The Aim Trust, managed by Bill Brown, is running with a 70% technology weighting, although the inves...
The Aim Trust, managed by Bill Brown, is running with a 70% technology weighting, although the investment trust also has exposure to sectors including leisure and mining.
Brown, who is director of Aim equities at Friends Ivory & Sime, said the portfolio did not set out to be a technology fund but that this is where many of the best venture capital style opportunities have been in recent times.
He looks for companies where the management teams have a significant stake in the business as well as a clear business plan for growth and how to achieve it. He also looks for competitive advantages, such as intellectual property rights and a clear market for the company's product.
Speaking at the Investment Week Investment Trust Markets Forum last week, Brown said: "We have been looking at the Aim market since 1996 and we like these types of companies because of the venture capital J-curve effect you get in terms of performance.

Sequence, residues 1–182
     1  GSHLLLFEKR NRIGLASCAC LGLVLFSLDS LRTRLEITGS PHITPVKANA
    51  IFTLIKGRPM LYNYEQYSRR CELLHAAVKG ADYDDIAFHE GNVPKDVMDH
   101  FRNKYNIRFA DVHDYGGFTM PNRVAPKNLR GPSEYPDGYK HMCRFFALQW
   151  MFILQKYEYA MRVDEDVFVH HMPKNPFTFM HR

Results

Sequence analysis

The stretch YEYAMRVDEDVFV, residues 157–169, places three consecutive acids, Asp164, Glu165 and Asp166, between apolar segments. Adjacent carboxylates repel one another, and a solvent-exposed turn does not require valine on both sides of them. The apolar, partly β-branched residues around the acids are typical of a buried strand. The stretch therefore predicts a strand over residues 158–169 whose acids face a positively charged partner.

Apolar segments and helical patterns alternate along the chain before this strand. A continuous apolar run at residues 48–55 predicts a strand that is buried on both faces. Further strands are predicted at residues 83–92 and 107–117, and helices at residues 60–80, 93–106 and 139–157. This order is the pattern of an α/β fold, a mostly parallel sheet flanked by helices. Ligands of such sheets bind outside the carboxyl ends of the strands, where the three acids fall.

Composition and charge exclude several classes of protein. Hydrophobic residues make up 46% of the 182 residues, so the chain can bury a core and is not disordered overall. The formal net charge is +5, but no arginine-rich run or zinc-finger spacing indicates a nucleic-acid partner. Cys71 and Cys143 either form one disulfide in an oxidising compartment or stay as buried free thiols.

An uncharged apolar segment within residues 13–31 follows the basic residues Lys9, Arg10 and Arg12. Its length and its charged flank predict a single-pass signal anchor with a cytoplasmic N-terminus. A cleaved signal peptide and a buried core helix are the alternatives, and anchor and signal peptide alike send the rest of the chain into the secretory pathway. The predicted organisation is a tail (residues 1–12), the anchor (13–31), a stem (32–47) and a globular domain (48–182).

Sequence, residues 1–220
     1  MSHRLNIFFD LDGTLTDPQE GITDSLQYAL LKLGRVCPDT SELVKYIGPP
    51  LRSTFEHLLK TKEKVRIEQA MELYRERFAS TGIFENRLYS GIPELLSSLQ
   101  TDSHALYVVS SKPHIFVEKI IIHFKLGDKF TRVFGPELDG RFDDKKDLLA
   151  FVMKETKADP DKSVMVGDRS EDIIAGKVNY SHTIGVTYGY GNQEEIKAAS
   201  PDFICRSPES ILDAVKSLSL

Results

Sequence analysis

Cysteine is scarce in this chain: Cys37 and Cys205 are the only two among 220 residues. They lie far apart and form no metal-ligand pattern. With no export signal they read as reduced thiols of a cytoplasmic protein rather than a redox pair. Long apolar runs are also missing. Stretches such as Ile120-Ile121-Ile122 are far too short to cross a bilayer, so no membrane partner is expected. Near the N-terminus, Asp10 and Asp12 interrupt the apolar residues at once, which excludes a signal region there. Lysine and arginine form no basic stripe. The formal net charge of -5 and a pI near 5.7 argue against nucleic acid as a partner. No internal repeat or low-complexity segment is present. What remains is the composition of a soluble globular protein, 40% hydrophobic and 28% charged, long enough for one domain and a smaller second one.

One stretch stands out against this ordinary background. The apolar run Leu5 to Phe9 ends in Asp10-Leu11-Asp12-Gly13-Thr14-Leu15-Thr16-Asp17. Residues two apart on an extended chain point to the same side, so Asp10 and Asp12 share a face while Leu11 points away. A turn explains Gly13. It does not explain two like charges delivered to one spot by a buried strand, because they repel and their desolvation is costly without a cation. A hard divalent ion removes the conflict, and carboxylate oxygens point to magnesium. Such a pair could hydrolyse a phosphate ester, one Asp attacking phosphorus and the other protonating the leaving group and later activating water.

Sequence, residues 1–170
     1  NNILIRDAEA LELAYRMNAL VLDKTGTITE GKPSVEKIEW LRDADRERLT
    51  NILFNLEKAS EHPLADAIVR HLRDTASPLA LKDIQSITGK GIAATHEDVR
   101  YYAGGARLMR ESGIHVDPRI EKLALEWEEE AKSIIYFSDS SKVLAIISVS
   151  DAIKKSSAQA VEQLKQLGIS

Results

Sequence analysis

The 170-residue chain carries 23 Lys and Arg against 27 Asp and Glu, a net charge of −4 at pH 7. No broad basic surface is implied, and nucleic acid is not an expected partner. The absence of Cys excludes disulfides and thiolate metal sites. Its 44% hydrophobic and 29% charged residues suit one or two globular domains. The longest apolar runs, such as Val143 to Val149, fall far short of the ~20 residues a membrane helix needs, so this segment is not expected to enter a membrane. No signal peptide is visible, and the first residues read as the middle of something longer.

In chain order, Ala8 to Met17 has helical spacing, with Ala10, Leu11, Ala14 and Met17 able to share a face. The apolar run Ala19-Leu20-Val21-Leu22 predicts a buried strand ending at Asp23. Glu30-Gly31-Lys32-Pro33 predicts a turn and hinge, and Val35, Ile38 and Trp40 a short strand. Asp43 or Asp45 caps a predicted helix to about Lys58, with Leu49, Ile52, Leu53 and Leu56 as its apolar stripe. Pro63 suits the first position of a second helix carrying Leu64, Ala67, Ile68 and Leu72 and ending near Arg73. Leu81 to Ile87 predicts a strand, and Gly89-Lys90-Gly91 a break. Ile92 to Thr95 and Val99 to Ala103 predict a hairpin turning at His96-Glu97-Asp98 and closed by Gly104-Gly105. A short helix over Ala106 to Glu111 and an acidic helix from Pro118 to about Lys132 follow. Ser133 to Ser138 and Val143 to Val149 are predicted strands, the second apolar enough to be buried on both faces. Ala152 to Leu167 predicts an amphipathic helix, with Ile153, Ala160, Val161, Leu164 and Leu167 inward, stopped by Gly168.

"It takes a while for these companies to be valued but when they come through the valuations come through in leaps and bounds. Also, over the past five years there has been growth in the ability of UK and European markets to provide companies with capital at an early stage.
"Over 600 entrepreneurial growth companies have been attracted to Aim.
"Around 80 of these have gone on to a full listing while around 40 have gone bust.
"I believe this is a low failure rate for these types of companies."
He added favoured sectors for the portfolio are biotechnology, medical devices, drug discovery and medical equipment. Brown is also keen on computer and telephony integration, telecom services, networking and electrical equipment. Brown looks to assess the potential value of businesses in three to five years and identify the key risks to them.
He added the future value of enterprises depends on the ability of companies to generate profits in three to five years, the funding required to get eventual profits and the intellectual property of the business. He added P/Es can be effectively used to value venture-capital style companies after around three to five years.
Putting the tech into protection
Square Mile’s series of informal interviews
Fallout from Haywood suspension
Launching later in 2019
£80bn funds under calculation